It notes you can ring the council to get cases investigated.

The other concerns motorists using private driveways needing to give way to pedestrians:

Pedestrians and private driveways

Each year, a significant number of pedestrians including the elderly and children, are run down and seriously injured by vehicles exiting private driveways

Under the Victorian road rules, a driver exiting a private driveway must give way to pedestrians and all other traffic — even if such traffic is hidden by high front fences, hedges or buildings.

Glen Eira City Council Manager Transport Planning Terry Alexandrou said that blowing the horn before exiting the driveway is not giving way.


The correct way to exit a private driveway is:

1. drive slowly to the exit and stop with the nose or tail of the car just short of the footpath; and

2. at less than walking speed, inch out slowly across the footpath.

It’s worth noting that the Road Safety Rules 2009 makes it clear that motorists have to give way to pedestrians when entering or exiting any off-road area, and this “can include a driveway, service station or shopping centre” — it’s not just private residential driveways.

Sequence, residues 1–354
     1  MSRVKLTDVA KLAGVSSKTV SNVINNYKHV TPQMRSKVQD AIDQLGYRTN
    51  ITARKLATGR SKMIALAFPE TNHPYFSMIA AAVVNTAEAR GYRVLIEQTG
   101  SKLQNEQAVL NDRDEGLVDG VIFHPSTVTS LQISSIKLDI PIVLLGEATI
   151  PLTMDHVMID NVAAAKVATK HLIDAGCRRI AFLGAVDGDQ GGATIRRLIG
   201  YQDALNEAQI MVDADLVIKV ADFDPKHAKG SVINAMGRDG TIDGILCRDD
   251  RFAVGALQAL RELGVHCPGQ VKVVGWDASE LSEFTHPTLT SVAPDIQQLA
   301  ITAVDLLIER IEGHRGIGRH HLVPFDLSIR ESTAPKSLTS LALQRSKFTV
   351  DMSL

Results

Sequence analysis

As I’ve noted before, this is contrary to common signage which urges pedestrians to “Beware of cars” — which they should of course, but in the absence of any warnings for motorists, could easily be misconstrued as implying vehicles don’t have to give way.

See also:

Give way to pedestrians when exiting a driveway or car park

As a pedestrian, I hate streets with only one footpath

The Greens are traditionally strong on sustainable transport issues, but one of the local candidates for council raised my hackles with this comment:

Do we really need footpaths on both sides of the street, in every street in Tucker Ward? There are plenty of places without footpaths or footpaths just on one side. This would save a whole lot of concrete / resources and it looks much better.